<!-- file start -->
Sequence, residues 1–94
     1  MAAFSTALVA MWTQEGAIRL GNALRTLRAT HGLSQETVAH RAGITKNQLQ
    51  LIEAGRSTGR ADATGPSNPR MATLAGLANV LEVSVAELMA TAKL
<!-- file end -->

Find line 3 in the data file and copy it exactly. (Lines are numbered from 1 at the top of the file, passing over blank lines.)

    51  LIEAGRSTGR ADATGPSNPR MATLAGLANV LEVSVAELMA TAKL